Mr. Metz contended that it was the prerogative of the legislature to determine whether or not compensation was to be paid for the ongoing provision of service. He continued that if the intention was that no compensation should be paid in respect of the ongoing provision of service, the Bill should unequivocally state as such. He stated, on the other hand that if the intention is that the Minister must fix a level of compensation, then the Bill should clearly state this provision.
In considering whether or not to allow the payment of ongoing compensation, restricting payment to a twelve months period might create a perverse incentive for schemes and/or administrators to look for other reasons why they should be remunerating brokers. He cautioned that such a scenario could lead to abuse.
The payment of ongoing compensation ought to be allowed in a properly regulated environment which practice he said would to a great extent diminish if not eliminate the need and the opportunity for other arrangements which would allow for the payment of additional compensation.
At present only medical schemes may legally compensate a broker for the introduction of members. He explained that a scheme, administrator or any other person, however, could compensate a broker for providing ongoing services to members. He noted that allowing or requiring different parties to compensate brokers for different services unnecessarily complicated the oversight role of the regulator and left potential avenues that were susceptible to abuse.
Mr. Metz concluded that based on his presentation, he would recommend that the Act mandate the payment of ongoing compensation to brokers noting that this would counter the current situation of member churning. He added that the provision would also largely eliminate the need and/or opportunity to abuse the system in respect of compensation payable to brokers.
Mr. Metz recommended further that only medical schemes be allowed to compensate brokers in respect of broker services and/or employers. He explained that this would enable the regulator to exercise closer control over the payment of compensation to brokers and that in addition it would narrow avenues for abuse.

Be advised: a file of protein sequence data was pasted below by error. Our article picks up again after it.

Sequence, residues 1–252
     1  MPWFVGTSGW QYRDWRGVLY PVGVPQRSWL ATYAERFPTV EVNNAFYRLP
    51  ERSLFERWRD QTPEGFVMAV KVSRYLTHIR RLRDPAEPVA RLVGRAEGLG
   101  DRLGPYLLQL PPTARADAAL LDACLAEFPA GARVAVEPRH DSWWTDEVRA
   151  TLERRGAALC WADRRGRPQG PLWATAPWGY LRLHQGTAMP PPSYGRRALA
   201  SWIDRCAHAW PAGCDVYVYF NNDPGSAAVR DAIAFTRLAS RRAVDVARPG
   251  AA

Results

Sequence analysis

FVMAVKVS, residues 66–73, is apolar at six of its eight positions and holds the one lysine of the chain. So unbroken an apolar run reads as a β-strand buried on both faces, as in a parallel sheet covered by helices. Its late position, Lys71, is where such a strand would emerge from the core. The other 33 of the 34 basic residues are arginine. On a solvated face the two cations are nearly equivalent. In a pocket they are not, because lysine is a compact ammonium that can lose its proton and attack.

Finally, Mr. Metz recommended that no compensation, other than compensation payable for the introduction of members may be paid by any person in respect of members being introduced to a scheme.
Ms Mnumzana (ANC) noted Mr. Metz's urge to protect small-time brokers but asked for a suggestion as to who would protect members of the public.
Mr. Metz replied that indeed the very action of adequately compensating the broker would cushion against churning of members, which in itself protected the interests of the public. He explained that it was the duty of medical schemes trustees and schemes to protect the public from unscrupulous practices but that this could only be achieved within the enabling framework of the Act.
Ms Mnumzana pointed out that cash payments for medical services were far below what was ordinarily charged to medical schemes. This arose from additional costs incurred by schemes in paying commission to brokers.
Mr. Metz disagreed with the allegation that high costs were a consequence of payment of commission to brokers. He attributed the incidence of high costs to the system that gave rise to high administrative costs and over-charging by health care providers.
Ms. Mnumzana attributed the mass movement of people from medical schemes to the high incident of costs and failure to settle legitimate claims. Was this the correct interpretation of the situation on the ground?
Mr. Metz disagreed. He explained that there were many why people moved from one scheme to the other and that some reasons ranged from a search for new products to the pursuit of additional cover.
Dr. Luthuli (ANC) queried the suggestion that the additional three percent compensation should be left to medical schemes to set the rate. This would have the effect of increasing the costs of the schemes which would be passed unto the consumer.
Mr. Metz said he did not propose that schemes be given the autonomy to set the rate of compensation payable. He pointed out that such a mandate was properly exercised by the Minister who would set the rate that would be in the interest of the public other than schemes who would be motivated by the urge to rake in huge profits hence to the detriment of the general public.
The Chair asked why a broker should be entitled to ongoing service payments when they had already been paid for services rendered in introducing a member to the scheme.
Mr. Metz explained that in the legislative structure, members of a scheme need to be managed throughout their membership tenor and this included being introduced to new products and made aware of changes in policy and even legislation as it unveiled. This, he noted was properly an ongoing service for which brokers were legitimately entitled to be compensated accordingly.
Dr. Rabinowitz (IFP) expressed the frustration of having to quantify the cost implication in brokerage commission without the guidance of actuaries. The Committee wanted to drastically reduce the costs of medical cover to the public. She lamented that she was unable to decipher precisely how the presentation would help in this respect.